What To Know
- White dots may be caused by the content itself, like a faulty movie file, rather than the projector. Test with different videos or images to confirm the source of the issue.
- Dust inside the projector can cause white dots; carefully clean its internal parts. If the issue persists, consider cleaning or replacing the microdisplay device components (DMD Chip, LCD, or LCoS Panels).
- Overheating can lead to stuck pixels; ensure the effective cooling of the projector. If problems continue, contact the manufacturer for professional support or potential warranty service.
Experiencing white dots on your projector screen can be frustrating, whether they’re interfering with your movie night or an important presentation.
This guide will dive into simple yet effective solutions for tackling these pesky white spots, from checking your projector’s internal cleanliness to addressing potential overheating issues.
Dead Pixel vs. White Dots
Most lamp projectors operate using microdisplay technologies such as LCD/LCoS panels or DMD chips.
These microdisplay units are equipped with numerous micromirrors, each acting as a pixel, crucial for image formation.
Normally, a pixel alternates between an ‘on’ position, reflecting colored light to create images, and an ‘off’ position, deflecting light to produce dark or grey tones.
A dead pixel, no longer able to reflect light, appears as a constant black dot on the screen. Conversely, a white pixel or dot indicates a stuck pixel, perpetually in the ‘on’ position, leading to a bright, static spot.
Since all pixel types (dead, white, or normal) originate from the projector’s microdisplay component, remedies for dead pixels often resolve issues with white dots.
1. The Movie You’re Watching Is Faulty
Sometimes, white dots on your screen might be due to the movie itself, not the projector. For instance, a Reddit user once noticed white dots on their projector screen that turned out to be caused by the movie Army of the Dead, not the projector.
To verify the problem’s cause, test your projector with different black images or videos to see if the white dots are inherent to your device, and not the movies or shows.
2. Your Projector Is Dusty
If your projector has seen extensive use, like any household equipment, it may require a thorough dust cleaning.
However, since it’s related to the pixel level of the projector, you will need to disassemble it to clean the internal parts.
One user removed a screw, exposed the interior, and used a hairdryer in full cold mode for five minutes to expel the dust, successfully eliminating the white dots.
Note: Do not try this method if your hair dryer doesn’t have a cold mode, as the hot mode will damage your projector’s internal components.
If an initial cleaning doesn’t remove the white dots, a more advanced cleaning process might be needed, involving nearly full disassembly of your projector.
Proceed to the next section to learn how to clean the right parts in three types of projectors.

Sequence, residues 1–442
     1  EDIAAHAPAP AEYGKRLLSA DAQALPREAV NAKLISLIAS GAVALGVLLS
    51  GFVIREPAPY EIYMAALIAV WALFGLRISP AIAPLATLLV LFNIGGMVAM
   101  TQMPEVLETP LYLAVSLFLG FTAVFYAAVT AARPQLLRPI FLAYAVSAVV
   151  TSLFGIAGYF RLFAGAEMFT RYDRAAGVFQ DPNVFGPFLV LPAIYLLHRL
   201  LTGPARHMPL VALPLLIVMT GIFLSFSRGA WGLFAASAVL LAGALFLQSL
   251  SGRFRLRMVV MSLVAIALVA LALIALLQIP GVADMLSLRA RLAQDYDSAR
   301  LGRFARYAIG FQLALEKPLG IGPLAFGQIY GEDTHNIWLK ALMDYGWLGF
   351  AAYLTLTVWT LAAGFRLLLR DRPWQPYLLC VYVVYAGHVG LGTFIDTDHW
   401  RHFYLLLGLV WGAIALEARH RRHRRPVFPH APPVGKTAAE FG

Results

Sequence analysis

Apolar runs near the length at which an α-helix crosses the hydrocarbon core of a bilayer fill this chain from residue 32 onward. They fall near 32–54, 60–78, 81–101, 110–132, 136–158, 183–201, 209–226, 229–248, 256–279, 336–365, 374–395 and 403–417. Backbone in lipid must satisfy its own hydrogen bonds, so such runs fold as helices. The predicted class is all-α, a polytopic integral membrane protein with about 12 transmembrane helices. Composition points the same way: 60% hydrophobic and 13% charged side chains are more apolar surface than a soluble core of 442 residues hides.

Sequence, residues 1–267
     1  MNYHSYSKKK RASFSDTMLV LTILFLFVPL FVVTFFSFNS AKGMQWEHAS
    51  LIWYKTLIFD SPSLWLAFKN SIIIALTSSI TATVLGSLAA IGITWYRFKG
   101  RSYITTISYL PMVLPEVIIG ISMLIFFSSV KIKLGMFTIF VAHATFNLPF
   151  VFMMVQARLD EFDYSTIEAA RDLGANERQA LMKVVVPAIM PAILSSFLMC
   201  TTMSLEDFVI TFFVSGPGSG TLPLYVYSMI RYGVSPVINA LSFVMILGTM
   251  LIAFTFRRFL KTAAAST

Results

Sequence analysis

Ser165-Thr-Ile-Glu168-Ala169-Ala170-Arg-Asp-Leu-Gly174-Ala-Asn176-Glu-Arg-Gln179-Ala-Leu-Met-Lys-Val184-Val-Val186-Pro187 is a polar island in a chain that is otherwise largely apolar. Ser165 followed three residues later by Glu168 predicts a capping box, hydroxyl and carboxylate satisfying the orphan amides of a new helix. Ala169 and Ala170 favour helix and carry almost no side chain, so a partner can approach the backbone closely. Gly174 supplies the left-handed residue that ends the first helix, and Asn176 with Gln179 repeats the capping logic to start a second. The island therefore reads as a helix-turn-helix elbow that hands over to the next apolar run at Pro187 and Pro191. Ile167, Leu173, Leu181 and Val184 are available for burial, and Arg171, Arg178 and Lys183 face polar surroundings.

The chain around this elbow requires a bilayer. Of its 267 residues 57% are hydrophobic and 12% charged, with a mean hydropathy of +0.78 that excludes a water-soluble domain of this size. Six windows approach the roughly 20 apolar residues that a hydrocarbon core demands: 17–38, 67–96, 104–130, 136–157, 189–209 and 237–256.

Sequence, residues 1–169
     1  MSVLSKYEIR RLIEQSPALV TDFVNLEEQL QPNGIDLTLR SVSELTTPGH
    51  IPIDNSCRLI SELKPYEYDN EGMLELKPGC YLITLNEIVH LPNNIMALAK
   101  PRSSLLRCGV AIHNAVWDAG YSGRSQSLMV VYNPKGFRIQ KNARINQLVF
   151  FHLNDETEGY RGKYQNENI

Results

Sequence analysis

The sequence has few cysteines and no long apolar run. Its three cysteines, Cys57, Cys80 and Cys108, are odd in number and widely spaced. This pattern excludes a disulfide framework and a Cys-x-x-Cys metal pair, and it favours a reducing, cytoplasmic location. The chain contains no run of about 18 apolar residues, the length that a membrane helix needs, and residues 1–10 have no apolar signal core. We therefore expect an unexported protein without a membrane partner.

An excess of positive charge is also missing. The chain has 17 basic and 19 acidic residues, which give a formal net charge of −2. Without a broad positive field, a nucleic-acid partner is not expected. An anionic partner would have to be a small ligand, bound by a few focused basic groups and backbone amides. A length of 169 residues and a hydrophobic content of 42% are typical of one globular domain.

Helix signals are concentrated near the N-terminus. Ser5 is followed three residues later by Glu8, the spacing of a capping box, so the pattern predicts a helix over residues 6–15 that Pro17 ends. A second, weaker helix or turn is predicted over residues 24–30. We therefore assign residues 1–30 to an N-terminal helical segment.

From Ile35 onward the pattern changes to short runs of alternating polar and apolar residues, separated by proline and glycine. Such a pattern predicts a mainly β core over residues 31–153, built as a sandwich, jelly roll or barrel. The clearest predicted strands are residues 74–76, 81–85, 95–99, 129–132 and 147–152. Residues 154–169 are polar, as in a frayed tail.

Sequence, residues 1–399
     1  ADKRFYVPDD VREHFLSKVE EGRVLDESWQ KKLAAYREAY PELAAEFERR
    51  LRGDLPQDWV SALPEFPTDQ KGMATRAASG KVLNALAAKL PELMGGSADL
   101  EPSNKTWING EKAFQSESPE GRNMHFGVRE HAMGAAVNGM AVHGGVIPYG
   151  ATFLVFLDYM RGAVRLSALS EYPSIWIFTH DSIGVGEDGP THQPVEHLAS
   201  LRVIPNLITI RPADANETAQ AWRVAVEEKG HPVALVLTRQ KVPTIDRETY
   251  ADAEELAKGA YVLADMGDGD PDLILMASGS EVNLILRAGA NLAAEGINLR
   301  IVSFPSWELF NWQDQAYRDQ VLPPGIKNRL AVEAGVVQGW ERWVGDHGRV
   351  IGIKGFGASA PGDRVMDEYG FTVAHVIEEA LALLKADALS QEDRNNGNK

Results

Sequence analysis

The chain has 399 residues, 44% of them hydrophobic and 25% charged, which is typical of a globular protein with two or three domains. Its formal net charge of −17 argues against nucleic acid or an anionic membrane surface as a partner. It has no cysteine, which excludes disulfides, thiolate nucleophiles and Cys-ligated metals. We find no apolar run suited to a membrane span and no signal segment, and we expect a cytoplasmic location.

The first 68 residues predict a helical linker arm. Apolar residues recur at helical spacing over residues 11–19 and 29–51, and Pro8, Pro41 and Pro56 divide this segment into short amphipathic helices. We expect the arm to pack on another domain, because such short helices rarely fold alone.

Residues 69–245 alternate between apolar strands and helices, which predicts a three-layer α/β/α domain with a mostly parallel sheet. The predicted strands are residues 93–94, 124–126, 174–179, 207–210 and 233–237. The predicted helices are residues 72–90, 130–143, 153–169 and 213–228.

3. The Microdisplay Device of Your Projector Is Faulty (DMD Chip, LCD or LCoS Panels)
As stated earlier, solutions for black dots (or dead pixels) are also applicable to white dots.
We have a comprehensive article with detailed step-by-step guides and demonstration images for fixing dead pixels, useful for addressing the white-dot issue.
Here are the two key solutions discussed in the article:
4. Your Projector Is Overheating
The DMD chip inside your projector is equipped with a heatsink at its rear, aiding in cooling the DMD element during operation, converting heat to air or fluid.
Inefficient cooling may lead to the micromirrors in the DMD chip failing to flip correctly, causing stuck pixels to appear on the screen.
Fortunately, our article here details up to six methods to keep your projector cool, helping prevent future issues with dead or stuck pixels.
5. Contact the Manufacturer
If none of the suggested solutions work, your next step is to contact the manufacturer, particularly if the projector is still under warranty.
Companies like BenQ, Optoma, Epson, etc., have multiple modes of communication open through which customers can reach out for help.
For Epson users, call 562-276-4394. The lines are open Monday to Friday between 7 AM and 4 PM PT (Pacific Time).
To write to Epson Support, click here. Enter your projector model number. Scroll down to access the Contact Us tab and click the Email Us option.
If you use an Optoma unit, contact their customer support team at 510-897-8600 or 1-888-289-6786 from 6 AM to 5 PM PT (Pacific Time). Or you can write them a message here.
Duy Anh is a seasoned technical editor specializing in helping readers troubleshoot TV, projector, and Wi-Fi issues. He’s always been drawn to logical problem-solving. His ability to approach matters from various angles with a neutral mindset enhances his technical expertise.